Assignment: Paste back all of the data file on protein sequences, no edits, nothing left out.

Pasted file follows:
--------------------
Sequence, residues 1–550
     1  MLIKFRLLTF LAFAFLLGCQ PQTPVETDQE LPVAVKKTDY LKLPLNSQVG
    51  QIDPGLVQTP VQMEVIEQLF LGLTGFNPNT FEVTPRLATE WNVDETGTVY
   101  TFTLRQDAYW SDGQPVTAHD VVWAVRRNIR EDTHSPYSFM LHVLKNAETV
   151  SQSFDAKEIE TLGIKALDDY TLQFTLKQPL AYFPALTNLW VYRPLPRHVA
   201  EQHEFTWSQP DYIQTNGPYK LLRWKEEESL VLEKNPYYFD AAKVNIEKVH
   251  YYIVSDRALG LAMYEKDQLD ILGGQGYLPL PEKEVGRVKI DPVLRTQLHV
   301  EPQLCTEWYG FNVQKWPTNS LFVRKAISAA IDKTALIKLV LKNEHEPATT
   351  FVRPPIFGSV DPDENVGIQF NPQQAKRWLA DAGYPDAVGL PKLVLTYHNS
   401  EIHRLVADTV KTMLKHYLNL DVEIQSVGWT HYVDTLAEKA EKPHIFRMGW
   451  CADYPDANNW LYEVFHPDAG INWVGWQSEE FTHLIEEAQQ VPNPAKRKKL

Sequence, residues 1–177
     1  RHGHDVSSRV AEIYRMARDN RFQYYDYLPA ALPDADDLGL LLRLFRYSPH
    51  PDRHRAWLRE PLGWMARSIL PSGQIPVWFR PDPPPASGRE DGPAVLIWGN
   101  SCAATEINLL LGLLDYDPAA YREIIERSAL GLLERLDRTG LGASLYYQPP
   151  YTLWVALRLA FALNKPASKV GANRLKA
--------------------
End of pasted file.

Sequence, residues 1–550
     1  MLIKFRLLTF LAFAFLLGCQ PQTPVETDQE LPVAVKKTDY LKLPLNSQVG
    51  QIDPGLVQTP VQMEVIEQLF LGLTGFNPNT FEVTPRLATE WNVDETGTVY
   101  TFTLRQDAYW SDGQPVTAHD VVWAVRRNIR EDTHSPYSFM LHVLKNAETV
   151  SQSFDAKEIE TLGIKALDDY TLQFTLKQPL AYFPALTNLW VYRPLPRHVA
   201  EQHEFTWSQP DYIQTNGPYK LLRWKEEESL VLEKNPYYFD AAKVNIEKVH
   251  YYIVSDRALG LAMYEKDQLD ILGGQGYLPL PEKEVGRVKI DPVLRTQLHV
   301  EPQLCTEWYG FNVQKWPTNS LFVRKAISAA IDKTALIKLV LKNEHEPATT
   351  FVRPPIFGSV DPDENVGIQF NPQQAKRWLA DAGYPDAVGL PKLVLTYHNS
   401  EIHRLVADTV KTMLKHYLNL DVEIQSVGWT HYVDTLAEKA EKPHIFRMGW
   451  CADYPDANNW LYEVFHPDAG INWVGWQSEE FTHLIEEAQQ VPNPAKRKKL

Sequence, residues 1–177
     1  RHGHDVSSRV AEIYRMARDN RFQYYDYLPA ALPDADDLGL LLRLFRYSPH
    51  PDRHRAWLRE PLGWMARSIL PSGQIPVWFR PDPPPASGRE DGPAVLIWGN
   101  SCAATEINLL LGLLDYDPAA YREIIERSAL GLLERLDRTG LGASLYYQPP
   151  YTLWVALRLA FALNKPASKV GANRLKA